African Americans with sickle cell trait – a condition in which a person does not have sickle cell disease but has one copy of its associated gene – may be at higher risk of chronic kidney disease than those without the condition. This is according to a study published in JAMA.

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Researchers found that African Americans with sickle cell trait had higher rates of chronic kidney disease than those without the condition.

Sickle cell trait (SCT), or sicklemia, affects around 1-3 million people in the US and 8-10% of African Americans. It is an inherited condition in which an individual carries a single copy of the gene that causes sickle cell disease – a group of inherited red blood cell disorders – but people with SCT never develop the disease.

In very rare cases, a person with SCT may have blood in their urine. Severe dehydration or high-intensity activity may also cause people with the condition to develop deformed red blood cells, but this is also extremely rare.

According to the research team, including Dr. Rakhi P. Naik of Johns Hopkins University in Baltimore, MD, some people with sickle cell disease develop renal conditions, such as chronic kidney disease (CKD) and end-stage renal disease (ESRD).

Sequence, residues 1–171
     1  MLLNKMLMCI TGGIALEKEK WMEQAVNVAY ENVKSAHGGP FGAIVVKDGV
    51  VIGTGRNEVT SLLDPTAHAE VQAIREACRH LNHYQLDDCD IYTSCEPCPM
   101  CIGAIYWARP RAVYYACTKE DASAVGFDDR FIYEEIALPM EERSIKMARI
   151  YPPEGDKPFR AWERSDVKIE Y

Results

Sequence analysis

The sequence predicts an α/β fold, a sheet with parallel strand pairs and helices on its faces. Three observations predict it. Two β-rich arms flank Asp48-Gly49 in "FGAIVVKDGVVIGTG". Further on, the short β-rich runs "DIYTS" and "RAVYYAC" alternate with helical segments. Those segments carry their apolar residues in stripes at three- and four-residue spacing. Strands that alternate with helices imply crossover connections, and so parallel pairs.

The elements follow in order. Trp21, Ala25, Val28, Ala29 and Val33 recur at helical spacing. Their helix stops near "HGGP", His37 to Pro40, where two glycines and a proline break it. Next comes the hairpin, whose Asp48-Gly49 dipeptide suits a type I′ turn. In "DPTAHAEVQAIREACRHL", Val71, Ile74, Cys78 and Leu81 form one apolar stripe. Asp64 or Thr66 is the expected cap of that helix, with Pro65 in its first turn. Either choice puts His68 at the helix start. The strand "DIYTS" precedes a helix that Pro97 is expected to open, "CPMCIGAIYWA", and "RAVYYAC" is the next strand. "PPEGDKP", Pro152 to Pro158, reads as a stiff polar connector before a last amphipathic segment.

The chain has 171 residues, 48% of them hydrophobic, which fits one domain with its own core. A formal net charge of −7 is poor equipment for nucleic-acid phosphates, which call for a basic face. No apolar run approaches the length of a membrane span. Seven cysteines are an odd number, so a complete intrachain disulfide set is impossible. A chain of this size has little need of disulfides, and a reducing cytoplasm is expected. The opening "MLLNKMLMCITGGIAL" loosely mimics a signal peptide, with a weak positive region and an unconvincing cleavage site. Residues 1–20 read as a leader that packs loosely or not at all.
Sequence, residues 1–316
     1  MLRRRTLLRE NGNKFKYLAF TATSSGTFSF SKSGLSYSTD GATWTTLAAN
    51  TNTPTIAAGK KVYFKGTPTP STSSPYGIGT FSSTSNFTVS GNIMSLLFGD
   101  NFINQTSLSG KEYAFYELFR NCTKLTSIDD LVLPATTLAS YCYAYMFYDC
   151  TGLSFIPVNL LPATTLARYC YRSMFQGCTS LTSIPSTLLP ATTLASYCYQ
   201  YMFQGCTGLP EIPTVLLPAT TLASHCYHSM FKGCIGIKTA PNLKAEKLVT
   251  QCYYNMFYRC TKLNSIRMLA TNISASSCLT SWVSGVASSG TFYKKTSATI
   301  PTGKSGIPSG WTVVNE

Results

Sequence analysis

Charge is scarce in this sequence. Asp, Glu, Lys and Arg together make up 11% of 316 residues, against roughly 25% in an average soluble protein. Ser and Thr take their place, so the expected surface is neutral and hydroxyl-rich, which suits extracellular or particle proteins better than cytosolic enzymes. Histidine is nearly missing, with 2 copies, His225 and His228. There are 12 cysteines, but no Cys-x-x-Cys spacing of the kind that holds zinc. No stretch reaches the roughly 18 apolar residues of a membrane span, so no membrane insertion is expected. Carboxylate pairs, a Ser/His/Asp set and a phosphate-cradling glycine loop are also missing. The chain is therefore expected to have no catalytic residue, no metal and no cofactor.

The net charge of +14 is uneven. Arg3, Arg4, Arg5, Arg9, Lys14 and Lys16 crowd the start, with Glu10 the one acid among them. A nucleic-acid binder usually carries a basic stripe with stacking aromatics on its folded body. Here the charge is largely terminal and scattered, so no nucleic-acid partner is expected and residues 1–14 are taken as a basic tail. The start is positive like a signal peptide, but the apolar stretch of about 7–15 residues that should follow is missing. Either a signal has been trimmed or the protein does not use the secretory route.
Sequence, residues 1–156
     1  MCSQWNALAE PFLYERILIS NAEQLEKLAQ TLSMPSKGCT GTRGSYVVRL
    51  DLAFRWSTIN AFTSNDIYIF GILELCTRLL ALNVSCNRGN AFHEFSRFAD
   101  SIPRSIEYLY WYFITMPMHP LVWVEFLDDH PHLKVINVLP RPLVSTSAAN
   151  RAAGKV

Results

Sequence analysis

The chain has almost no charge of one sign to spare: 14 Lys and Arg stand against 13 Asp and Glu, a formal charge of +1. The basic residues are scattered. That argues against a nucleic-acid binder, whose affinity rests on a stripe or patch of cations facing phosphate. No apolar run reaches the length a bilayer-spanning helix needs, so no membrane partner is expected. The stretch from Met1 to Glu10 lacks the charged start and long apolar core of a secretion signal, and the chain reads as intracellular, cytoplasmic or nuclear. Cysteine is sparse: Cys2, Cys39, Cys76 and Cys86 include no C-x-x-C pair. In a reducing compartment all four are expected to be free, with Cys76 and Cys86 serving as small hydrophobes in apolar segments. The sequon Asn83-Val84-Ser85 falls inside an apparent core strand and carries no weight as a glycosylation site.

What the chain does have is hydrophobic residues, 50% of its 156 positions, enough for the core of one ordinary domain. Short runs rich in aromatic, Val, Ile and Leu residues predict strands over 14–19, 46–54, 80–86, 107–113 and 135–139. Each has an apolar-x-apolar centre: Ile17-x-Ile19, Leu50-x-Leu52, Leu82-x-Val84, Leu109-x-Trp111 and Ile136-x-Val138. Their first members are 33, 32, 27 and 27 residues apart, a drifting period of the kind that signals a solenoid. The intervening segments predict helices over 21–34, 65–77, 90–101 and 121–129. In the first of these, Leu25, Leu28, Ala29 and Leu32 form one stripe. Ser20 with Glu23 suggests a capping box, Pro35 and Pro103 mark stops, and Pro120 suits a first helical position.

They note, however, that it has not been established whether individuals with SCT – particularly African Americans – are at higher risk of such conditions.

“African Americans have a disproportionately higher risk of CKD and progression to ESRD, compared with white or Asian-American populations,” the researchers note. “SCT may be an important and unrecognized risk factor for renal disease in this population.”

To find out, Dr. Naik and colleagues analyzed five US population-based studies involving 15,975 African Americans. Of these, 1,248 had SCT.

The team identified CKD among 2,233 participants. Of these, 19.2% of cases occurred among individuals with SCT, while 13.5% of cases were among those without the condition.

The rate of incident CKD was also higher among individuals with SCT than those without the condition, at 20.7% and 13.7%, respectively.

The researchers also found that people with SCT had a faster decline in estimated glomerular filtration rate (eGFR) – the rate at which fluid is filtered through the kidney; 22.6% of those with sickle cell trait experienced eGFR decline, compared with 19% of those without the condition.

What is more, 31.8% of people with SCT experienced albuminuria – excess protein in urine that can be a sign of a kidney disorder – compared with 19% of those free of SCT.

Commenting on their findings, the researchers say:

In this large multicohort study, SCT was associated with CKD and incident CKD, decline in eGFR, and albuminuria in African Americans.

These associations […] may offer an additional genetic explanation for the increased risk of CKD observed among African Americans, compared with other racial groups.”

The team says their findings also highlight the need for more research into the renal complications that may be associated with SCT. “Because screening for SCT is already being widely performed, accurate characterization of disease associations with SCT is critical to inform policy and treatment recommendations,” they add.

Medical News Today recently reported on a study suggesting that following a Mediterranean-style diet could reduce the risk of chronic kidney disease.